<< Chapter < Page Chapter >> Page >

Ethene, C 2 H 4 , is the simplest alkene. Each carbon atom in ethene, commonly called ethylene, has a trigonal planar structure. The second member of the series is propene (propylene) ( [link] ); the butene isomers follow in the series. Four carbon atoms in the chain of butene allows for the formation of isomers based on the position of the double bond, as well as a new form of isomerism.

Lewis structural formulas show carbon and hydrogen element symbols and bonds between the atoms. The first structure in this row shows two bonded C atoms with a double bond between them. Each C atom has two H atoms bonded to it as well. The second structure in the row shows three bonded C atoms with a double bond up and to the right between the first and second C atoms moving left to right across the chain, and a single bond down and to the right between the second and third C atom. The first C atom has two H atoms bonded to it, the second C atom has one H atom bonded to it, and the third C atom has three H atoms bonded to it. The third structure shows four bonded C atoms with one bonded up and to the right to a C atom, down and to the right to a C atom, and double bonded up and to the right to a C atom. The first C atom, moving from left to right, has three H atoms bonded to it. The second C atom has two H atoms bonded to it. The third C atom has one H atom bonded to it, and the fourth C atom has two H atoms bonded to it. In the second row, ball-and-stick models for the structures are shown. In these representations, single bonds are represented with sticks, double bonds are represented with two parallel sticks, and elements are represented with balls. Carbon atoms are black and hydrogen atoms are white in this image. In the third row, space-filling models are shown. In these models, atoms are enlarged and pushed together, without sticks to represent bonds. In the final row, names are provided. The molecule with the double bond between two C atoms is named ethene. The molecule with the double bond between the first and second C atoms in the chain of three is named propene. The molecule with the double bond between the carbon atoms in the chain of four is named 1 dash butene.
Expanded structures, ball-and-stick structures, and space-filling models for the alkenes ethene, propene, and 1-butene are shown.

Ethylene (the common industrial name for ethene) is a basic raw material in the production of polyethylene and other important compounds. Over 135 million tons of ethylene were produced worldwide in 2010 for use in the polymer, petrochemical, and plastic industries. Ethylene is produced industrially in a process called cracking, in which the long hydrocarbon chains in a petroleum mixture are broken into smaller molecules.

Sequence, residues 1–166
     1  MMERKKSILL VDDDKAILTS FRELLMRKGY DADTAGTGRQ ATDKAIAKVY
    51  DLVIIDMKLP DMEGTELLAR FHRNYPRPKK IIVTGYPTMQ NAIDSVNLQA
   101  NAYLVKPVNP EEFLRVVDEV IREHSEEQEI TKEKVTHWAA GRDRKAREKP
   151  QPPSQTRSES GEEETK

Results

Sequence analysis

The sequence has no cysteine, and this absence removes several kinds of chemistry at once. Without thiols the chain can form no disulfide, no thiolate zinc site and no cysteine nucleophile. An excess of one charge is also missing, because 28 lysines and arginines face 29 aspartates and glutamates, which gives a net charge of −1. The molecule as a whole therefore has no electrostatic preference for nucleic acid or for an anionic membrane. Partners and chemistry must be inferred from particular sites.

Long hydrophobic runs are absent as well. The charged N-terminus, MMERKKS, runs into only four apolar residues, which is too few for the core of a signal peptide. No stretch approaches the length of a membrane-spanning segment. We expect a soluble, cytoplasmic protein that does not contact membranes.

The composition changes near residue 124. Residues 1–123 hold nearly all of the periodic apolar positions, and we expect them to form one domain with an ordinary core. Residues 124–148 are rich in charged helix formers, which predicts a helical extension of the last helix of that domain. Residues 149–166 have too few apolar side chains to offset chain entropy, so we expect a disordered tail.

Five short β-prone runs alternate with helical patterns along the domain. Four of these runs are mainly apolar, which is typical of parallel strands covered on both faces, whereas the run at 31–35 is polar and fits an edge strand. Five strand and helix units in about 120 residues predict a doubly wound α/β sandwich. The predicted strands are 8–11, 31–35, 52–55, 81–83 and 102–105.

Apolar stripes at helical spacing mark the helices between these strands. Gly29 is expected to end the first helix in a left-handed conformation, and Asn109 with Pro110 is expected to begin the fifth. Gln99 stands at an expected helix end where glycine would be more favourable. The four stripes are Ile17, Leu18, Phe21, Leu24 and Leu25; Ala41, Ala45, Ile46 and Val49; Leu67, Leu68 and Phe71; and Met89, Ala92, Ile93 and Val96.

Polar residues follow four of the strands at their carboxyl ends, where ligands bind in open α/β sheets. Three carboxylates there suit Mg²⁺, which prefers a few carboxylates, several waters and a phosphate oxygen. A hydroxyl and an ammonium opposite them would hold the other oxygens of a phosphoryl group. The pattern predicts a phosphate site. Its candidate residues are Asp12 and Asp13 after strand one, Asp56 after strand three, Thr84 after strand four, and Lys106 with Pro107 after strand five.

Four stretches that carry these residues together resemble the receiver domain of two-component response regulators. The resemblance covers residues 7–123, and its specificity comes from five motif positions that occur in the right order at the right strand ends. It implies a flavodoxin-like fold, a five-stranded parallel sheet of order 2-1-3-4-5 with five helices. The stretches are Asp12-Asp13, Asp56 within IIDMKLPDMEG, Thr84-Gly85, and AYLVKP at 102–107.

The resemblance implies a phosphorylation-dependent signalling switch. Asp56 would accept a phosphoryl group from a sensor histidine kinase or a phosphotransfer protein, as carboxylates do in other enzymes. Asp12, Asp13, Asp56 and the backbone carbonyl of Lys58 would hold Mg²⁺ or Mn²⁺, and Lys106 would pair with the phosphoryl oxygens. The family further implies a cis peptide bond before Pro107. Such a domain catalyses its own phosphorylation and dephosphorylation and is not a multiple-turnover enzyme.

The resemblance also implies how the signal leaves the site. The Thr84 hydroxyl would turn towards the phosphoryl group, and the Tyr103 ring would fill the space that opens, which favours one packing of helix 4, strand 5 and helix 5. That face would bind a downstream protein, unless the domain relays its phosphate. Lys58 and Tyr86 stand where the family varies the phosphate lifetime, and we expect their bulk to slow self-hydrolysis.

Recycling plastics

Polymers (from Greek words poly meaning “many” and mer meaning “parts”) are large molecules made up of repeating units, referred to as monomers. Polymers can be natural (starch is a polymer of sugar residues and proteins are polymers of amino acids) or synthetic [like polyethylene, polyvinyl chloride (PVC), and polystyrene]. The variety of structures of polymers translates into a broad range of properties and uses that make them integral parts of our everyday lives. Adding functional groups to the structure of a polymer can result in significantly different properties (see the discussion about Kevlar later in this chapter).

An example of a polymerization reaction is shown in [link] . The monomer ethylene (C 2 H 4 ) is a gas at room temperature, but when polymerized, using a transition metal catalyst, it is transformed into a solid material made up of long chains of –CH 2 – units called polyethylene. Polyethylene is a commodity plastic used primarily for packaging (bags and films).

This diagram has three rows, showing ethylene reacting to form polyethylene. In the first row, Lewis structural formulas show three molecules of ethylene being added together, which are each composed of two doubly bonded C atoms, each with two bonded H atoms. Ellipses, or three dots, are present before and after the molecule structures, which in turn are followed by an arrow pointing right. On the right side of the arrow, the ellipses or dots again appear to the left of a dash that connects to a chain of 7 C atoms, each with H atoms connected above and below. A dash appears at the end of the chain, which in turn is followed by ellipses or dots. The reaction diagram is repeated in the second row using ball-and-stick models for the structures. In these representations, single bonds are represented with sticks, double bonds are represented with two parallel sticks, and elements are represented with balls. Carbon atoms are black and hydrogen atoms are white in this image. In the third row, space-filling models are shown. In these models, atoms are enlarged spheres which are pushed together, without sticks to represent bonds.